House Prices Fall Again in Halton and Beyond
Anyone who's been house hunting (or just anxiously keeping track of real estate prices from afar) knows that houses aren't cheap.
That said, they aren't quite as bad as they were earlier in the year.
A recent report by Better Dwelling revealed that Canadian real estate prices have fallen for the third month in a row. The report notes that Canadian Real Estate Association (CREA) numbers show 2017 is the first-time in years we've seen national prices decline.
CREA says that markets that made the largest gains over the past year, are seeing the largest monthly drops (which is good news for Oakville, Burlington and Milton buyers and somewhat disappointing news for sellers looking to downsize and/or move to municipalities with more affordable houses). At the same time, cities that did not boom over the past year are starting to see prices inch higher.
To be clear, house prices are not down year-over-year (so there's no arguing that that detached house wasn't slightly more affordable in September 2016). Instead, they are falling month-over-month, a trend that hit Ontario in the spring after the provincial government announced a few price cooling measures (namely a proposed 15 per cent tax on foreign buyers and speculators) and is seemingly persisting into the fall.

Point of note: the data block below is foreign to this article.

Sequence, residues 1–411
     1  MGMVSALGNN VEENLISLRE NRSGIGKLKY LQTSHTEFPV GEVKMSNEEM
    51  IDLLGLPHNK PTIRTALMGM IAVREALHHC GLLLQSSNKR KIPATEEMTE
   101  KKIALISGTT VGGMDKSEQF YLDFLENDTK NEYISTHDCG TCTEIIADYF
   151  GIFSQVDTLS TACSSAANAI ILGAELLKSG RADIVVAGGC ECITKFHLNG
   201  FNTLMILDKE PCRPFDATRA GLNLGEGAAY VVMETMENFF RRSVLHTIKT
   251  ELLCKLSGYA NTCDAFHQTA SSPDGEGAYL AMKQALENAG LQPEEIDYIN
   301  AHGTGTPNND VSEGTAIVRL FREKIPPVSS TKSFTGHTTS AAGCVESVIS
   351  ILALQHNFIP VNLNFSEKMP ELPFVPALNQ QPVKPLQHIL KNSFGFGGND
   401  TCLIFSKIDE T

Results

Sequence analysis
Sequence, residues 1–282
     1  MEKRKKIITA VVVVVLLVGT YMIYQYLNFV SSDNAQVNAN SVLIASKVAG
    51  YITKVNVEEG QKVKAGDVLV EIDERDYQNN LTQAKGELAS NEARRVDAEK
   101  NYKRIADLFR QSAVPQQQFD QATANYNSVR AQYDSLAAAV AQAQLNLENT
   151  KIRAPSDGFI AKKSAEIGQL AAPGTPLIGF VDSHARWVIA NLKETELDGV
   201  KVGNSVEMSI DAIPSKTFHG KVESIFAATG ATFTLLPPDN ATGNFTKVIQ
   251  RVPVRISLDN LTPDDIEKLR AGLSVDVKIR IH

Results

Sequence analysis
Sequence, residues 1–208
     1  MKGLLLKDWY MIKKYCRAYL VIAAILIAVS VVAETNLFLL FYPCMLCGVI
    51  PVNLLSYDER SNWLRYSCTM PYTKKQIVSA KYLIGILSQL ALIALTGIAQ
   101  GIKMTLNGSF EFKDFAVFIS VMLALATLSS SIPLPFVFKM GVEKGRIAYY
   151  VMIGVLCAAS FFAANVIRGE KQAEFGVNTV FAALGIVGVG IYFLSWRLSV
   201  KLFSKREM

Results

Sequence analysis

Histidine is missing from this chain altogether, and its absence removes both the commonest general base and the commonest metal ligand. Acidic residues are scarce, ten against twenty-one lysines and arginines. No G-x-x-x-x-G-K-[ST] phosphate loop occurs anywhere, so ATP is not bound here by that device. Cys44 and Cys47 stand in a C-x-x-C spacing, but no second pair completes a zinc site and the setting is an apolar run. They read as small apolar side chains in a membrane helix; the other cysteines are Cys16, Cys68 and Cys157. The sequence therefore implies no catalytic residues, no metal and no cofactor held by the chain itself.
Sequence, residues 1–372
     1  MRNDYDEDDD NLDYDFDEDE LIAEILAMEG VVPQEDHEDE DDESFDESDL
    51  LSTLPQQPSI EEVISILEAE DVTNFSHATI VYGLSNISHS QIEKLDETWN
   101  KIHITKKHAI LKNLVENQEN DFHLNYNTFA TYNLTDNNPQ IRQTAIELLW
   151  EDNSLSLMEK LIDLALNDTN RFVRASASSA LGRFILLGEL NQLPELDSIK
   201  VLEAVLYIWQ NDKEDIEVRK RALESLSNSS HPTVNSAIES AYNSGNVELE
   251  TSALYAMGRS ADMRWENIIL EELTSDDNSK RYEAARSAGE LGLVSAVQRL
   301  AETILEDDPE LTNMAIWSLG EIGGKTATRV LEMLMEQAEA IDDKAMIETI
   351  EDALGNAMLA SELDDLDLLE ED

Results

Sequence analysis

According to the report, the aggregate price across all of CREA is down from the month before, but still in positive territory. The aggregate benchmark price (meaning the price of a typical home) across the country's urban centres reached $602,400—a 0.77 per cent decline from the month before.
That said, this represents an 11.25 per cent increase when compared to the same time last year. The report notes that the last time aggregate home prices saw a monthly drop was in 2013. In 2017, price declines have been observed three months in a row. To be clear, this doesn't necessarily imply a "crash" is happening. Most experts believe that the market is, if anything, coming back into balance after intense and unprecedented climbs.
Unfortunately (or fortunately) for us, the largest price drops have been observed in Toronto and Southern Ontario. According to the Toronto Real Estate Board (TREB), detached houses in the 905 were selling for $906,592 in August (slightly down from $910,348 in the previous month). Semi-detached homes were selling for $635,669 (slightly down from $636,844), townhouses for $582,953 (a little up from $581,541) and condos for $416,081 (a tiny bit down from $418,191).
CREA says Toronto saw the composite benchmark price reach $755,400 in August, a 2.28 per cent decline from the month before. Guelph (a city some GTA residents are eyeing more and more) saw the benchmark drop to $411,600 in August, a 1.98 per cent decline from the month before.
Where are prices climbing in Canada?
CREA says the largest monthly price increases were in the prairie province of Saskatchewan. Saskatoon saw the composite benchmark drop to $316,700 in August, a 2.29 per cent increase from the month before (although this represents a 0.28 per cent decline from the same time last year).
"Real estate markets across Canada are cooling down, coming off of a record year. Multi-month prices drops are never great, but prices rose so high, they have a little room for consolidation," the report reads. "Although now a price drop of only 10 per cent would drop prices back to last year. Just a 17 per cent decline would wipe out the greatest real estate boom in Canadian real estate history."
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